Should I choose a Health and Welfare or Property and Finance Power of Attorney?
Powers of Attorney are documents used to appoint somebody on your behalf should you lose mental capacity and need to appoint someone to manage your property and financial affairs. This is known as a ‘Property and Finance Lasting Power of Attorney‘ or LPA for short. They can also be used to appoint someone to act on your behalf to make decisions on your health and well-being as well as decisions on life-sustaining medical treatment (if you wish) which is called a ‘Health and Welfare Lasting Power of Attorney’.
Most people think of losing capacity to mean an illness such as dementia but it can also cover things such as a stroke, illness or accident which are not as predictable.
Some people choose to make both types of these LPAs, whilst others, such as business owners, may find the Property and Finance LPA alone is enough. The Property and Finance LPA allows somebody to manage your bank accounts, investments and property. You can also choose for the appointed person to act straight away or only once you have lost mental capacity giving you an element of control. It is helpful to have the attorneys act straight away in certain circumstances such as if you may be abroad or physically unable to get out and about.
Having the Health and Welfare LPA allows you to make a decision through your attorney on where you live, what care you receive and, if you wish, decisions on any life-sustaining medical treatment. Without this, in place, the doctors and medical staff will ultimately decide what is in your best interests. Whilst this is acceptable if the family and medical staff are in agreement, what happens when there is a conflict of interests between the two? The Health and Welfare LPA will allow the attorney to make decisions reflective of your wishes as opposed to someone else’s.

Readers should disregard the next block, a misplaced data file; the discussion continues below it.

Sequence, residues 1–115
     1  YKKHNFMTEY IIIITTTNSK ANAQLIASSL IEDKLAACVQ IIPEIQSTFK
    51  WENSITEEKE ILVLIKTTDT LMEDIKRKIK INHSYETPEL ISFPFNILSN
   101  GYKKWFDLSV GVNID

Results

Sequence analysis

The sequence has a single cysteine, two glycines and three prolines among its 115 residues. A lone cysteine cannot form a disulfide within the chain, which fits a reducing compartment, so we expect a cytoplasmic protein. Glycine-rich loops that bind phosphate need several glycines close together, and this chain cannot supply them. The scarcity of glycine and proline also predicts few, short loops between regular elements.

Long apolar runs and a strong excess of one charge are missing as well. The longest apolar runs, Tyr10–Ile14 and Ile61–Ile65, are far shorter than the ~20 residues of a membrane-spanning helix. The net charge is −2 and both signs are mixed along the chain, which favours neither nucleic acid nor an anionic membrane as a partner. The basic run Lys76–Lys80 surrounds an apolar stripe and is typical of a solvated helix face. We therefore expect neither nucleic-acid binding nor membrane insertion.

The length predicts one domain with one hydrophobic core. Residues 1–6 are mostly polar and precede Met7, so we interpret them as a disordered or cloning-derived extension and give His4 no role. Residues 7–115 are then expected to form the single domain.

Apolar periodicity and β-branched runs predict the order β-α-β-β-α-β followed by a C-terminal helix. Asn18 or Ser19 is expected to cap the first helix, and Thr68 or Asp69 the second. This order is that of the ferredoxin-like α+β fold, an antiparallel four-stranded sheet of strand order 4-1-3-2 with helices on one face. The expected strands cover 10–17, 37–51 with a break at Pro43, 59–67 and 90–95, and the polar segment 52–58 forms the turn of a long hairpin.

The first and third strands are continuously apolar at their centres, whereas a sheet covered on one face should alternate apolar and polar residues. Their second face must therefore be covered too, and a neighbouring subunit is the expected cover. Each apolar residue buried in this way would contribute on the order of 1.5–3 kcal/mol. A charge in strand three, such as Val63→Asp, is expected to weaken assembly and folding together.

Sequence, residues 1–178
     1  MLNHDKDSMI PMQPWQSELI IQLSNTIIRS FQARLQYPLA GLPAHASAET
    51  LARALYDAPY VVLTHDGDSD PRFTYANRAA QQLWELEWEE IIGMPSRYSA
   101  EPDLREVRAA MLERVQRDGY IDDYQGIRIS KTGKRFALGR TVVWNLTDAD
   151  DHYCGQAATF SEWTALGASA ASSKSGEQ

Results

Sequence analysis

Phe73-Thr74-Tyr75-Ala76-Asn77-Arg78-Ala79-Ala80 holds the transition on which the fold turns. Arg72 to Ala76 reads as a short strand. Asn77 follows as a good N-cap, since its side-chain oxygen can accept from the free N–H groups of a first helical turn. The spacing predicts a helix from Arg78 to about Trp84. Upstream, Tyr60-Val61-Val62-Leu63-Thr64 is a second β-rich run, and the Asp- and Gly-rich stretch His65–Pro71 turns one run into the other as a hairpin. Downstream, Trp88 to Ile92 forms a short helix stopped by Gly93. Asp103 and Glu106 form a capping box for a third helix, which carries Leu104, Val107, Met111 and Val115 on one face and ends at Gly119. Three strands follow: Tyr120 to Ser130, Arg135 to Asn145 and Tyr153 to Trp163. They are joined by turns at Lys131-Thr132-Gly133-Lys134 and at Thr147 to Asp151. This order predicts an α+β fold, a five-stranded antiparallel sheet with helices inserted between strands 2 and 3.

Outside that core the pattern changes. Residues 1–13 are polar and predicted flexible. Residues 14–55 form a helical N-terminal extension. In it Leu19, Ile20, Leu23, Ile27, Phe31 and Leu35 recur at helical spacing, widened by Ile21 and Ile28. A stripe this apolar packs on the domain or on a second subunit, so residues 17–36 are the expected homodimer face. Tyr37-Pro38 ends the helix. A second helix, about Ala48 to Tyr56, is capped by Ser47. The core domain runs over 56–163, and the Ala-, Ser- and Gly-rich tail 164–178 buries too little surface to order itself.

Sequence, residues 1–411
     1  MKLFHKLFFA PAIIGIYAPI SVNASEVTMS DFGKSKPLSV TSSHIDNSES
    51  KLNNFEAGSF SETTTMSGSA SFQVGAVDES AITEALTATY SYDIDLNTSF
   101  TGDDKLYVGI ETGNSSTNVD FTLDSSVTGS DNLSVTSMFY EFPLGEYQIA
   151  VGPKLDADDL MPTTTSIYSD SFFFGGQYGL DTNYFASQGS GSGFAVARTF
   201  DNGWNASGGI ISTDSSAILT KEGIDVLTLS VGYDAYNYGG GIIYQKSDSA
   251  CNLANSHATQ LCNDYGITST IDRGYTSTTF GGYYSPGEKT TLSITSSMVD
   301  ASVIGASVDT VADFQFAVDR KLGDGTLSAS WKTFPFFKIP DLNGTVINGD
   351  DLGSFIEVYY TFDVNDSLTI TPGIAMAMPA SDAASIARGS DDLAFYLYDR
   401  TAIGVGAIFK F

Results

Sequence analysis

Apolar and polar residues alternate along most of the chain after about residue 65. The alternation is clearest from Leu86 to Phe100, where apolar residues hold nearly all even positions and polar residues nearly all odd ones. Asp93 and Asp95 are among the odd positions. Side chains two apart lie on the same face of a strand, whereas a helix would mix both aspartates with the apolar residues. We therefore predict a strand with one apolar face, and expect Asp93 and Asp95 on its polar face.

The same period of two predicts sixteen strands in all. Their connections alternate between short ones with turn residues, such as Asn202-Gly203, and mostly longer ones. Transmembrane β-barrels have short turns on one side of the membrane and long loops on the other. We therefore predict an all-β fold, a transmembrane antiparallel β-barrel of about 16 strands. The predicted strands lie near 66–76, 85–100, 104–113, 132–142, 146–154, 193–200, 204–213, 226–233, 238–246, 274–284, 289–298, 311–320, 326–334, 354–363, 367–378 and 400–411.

Another important aspect to consider is who to appoint to take on this role. You should appoint someone trustworthily, consider their age and whether they will be suitable to take on this role and the location of the person. Are they able to practically take on this role if they live far away?
You can also appoint your attorneys to act jointly, that is alongside another attorney and make collective decisions, or jointly and severally where they can act together or on their own.
An LPA needs to be registered before it can be used. This will be with the Office of Public Guardian and it is usually advised to do this once an application is signed, as it can take up to 18 weeks for a registration to be completed.
Having an LPA in place gives you and your loved ones the peace of mind that your finances and medical wishes will be taken care of and the decisions relating to your personal affairs are passed over to the right people.
If you would like more information about making an application for a Power of Attorney, please contact our Private Client Department who can assist you.